although they had no place to call their own,
although with frequency they were alone.
So as I made each sandwich, I would pray
“May someone taste some love in this today.”
When I had finished giving out my stash,
along with maybe just a little cash,
I heard a song play on the radio
that seemed to me to be so apropos:
“ooh baby, do you know what that’s worth?
You make heaven a place on Earth.”
I’d photographed the beauties to be seen
in Boston walks, and added this routine
at times when I went for a city stroll,
and feeding others, I would feed my soul.
But ailments plaguing me grew more severe,
heart flutters and anxiety fueled fear,
like fear of hell with which I was engrossed.
Religious OCD was diagnosed.
But though it seemed that I might work no more,
soon I’d have not one new job but four.
For two years I’d been singing in the choir
but Scrupulosity had grown so dire
that it was triggered painfully in church
propelling me to institute a search
for some way to replace the church—a task
in which I’d simply do what Jesus asked:
not genuflect or sit down on a pew,
religious iconography in view,
but feed the hungry, visiting the sick…
I’d heard the clock in me go “Tic, toc, tic…”
and while I was still able hoped I could
do something with my life that would be good.
A friend who had for some time been my neighbor
recommended then a place of labor…
assisted living for the elderly
was offered at a place a mile from me,
and I began my volunteering there,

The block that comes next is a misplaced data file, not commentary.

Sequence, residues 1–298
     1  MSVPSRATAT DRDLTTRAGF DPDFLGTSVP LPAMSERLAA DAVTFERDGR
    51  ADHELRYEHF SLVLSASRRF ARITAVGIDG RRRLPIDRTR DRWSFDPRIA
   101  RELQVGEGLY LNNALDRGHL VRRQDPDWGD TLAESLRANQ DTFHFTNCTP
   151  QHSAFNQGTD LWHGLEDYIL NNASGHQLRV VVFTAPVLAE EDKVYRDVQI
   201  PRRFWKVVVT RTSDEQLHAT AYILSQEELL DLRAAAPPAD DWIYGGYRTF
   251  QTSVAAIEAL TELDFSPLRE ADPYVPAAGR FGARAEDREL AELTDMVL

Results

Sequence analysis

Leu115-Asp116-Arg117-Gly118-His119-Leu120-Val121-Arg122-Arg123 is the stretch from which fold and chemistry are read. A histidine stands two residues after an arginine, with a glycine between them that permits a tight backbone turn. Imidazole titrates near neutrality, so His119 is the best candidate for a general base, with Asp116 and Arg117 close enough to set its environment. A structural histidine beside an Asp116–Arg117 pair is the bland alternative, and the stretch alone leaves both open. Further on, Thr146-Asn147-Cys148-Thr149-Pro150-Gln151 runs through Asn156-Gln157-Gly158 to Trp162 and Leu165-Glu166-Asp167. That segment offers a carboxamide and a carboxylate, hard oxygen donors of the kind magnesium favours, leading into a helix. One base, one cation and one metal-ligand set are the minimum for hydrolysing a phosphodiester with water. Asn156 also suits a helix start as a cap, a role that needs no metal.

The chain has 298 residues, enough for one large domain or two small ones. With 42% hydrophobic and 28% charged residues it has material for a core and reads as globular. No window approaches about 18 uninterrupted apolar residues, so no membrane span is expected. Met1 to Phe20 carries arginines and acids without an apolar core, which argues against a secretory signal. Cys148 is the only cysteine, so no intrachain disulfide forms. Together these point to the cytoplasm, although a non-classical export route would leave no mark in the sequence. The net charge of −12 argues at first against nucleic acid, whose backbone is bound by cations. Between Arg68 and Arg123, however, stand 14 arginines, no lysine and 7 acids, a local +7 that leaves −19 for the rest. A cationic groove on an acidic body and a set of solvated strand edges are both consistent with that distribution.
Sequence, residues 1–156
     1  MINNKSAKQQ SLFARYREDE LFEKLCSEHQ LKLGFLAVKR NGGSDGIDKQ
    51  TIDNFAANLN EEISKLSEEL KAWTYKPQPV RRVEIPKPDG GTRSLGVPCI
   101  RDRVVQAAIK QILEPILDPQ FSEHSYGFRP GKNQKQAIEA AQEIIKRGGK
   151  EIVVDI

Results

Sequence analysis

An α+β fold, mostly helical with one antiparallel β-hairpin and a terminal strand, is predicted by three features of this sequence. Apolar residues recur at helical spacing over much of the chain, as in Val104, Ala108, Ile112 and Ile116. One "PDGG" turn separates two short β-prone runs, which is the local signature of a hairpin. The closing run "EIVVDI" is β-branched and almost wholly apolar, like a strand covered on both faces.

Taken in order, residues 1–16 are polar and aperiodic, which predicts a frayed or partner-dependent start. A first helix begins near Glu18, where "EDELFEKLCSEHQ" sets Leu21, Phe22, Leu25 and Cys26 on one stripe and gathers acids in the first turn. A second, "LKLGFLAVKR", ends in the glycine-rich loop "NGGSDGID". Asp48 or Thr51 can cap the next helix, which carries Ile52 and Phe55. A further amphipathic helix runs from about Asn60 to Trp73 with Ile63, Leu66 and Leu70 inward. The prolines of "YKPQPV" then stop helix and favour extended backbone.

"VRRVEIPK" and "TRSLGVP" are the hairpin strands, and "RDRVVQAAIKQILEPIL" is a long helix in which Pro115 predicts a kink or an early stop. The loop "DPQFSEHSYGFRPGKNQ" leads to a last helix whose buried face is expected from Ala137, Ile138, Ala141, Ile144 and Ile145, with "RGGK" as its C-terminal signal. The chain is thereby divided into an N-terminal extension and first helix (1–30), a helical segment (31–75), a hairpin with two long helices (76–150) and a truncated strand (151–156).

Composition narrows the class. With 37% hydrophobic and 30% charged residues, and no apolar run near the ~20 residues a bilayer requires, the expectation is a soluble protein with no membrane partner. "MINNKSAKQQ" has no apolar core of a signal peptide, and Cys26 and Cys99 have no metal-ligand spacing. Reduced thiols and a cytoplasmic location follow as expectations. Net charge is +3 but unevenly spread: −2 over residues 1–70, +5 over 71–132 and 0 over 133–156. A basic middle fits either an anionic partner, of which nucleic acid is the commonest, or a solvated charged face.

on Sunday mornings. It became the heir
of church that I attended in that slot
of weekend time. I wished to give a shot
to bringing music, poetry, and cheer
to somewhere full of pain, despair, and fear.
When I began, my sleeplessness was brutal,
and treatments made it worse or had been futile,
and anxiousness at times would make me weak.
The job, though, was the highlight of each week
as if through care of others I could bring
light to theirs and my own suffering.
I didn’t play the piano as a kid,
but learned much later, and I’m glad I did,
not just for joy it’s brought me which is big,
but joy I could bring in a weekly gig.
My dog, though never trained in therapy,
has come for several years there now with me
and sits agreeably on people’s laps
or comfortably beside them, taking naps,
and he has brought great fun to residents,
relief as well for woes that are intense.
I’d taken acting classes which helped me
in telling stories entertainingly,
with rhymes that made the residents and staff
crack a smile, or burst out in a laugh.
In youth, I’d dreamed of teaching poetry,
and almost every subject interests me,
so for whatever subject I would teach,
I’d bring delight of learning them to each
(the one exception might be economics
though even that could be some fun as comics).
Although the teacher dream has not come true,
there’s some related thing that I could do.
As volunteer for where I work, BC,
I read to kids in elementary
schools, near my office, during some lunch breaks,
and it’s been wonderful for years and makes
my day each time I read the rhyming stories
I’ve found in libraries, which are like quarries,
full of jewels glittering with rhyme,
and I regard myself as blessed that I’m
employed somewhere where I can often share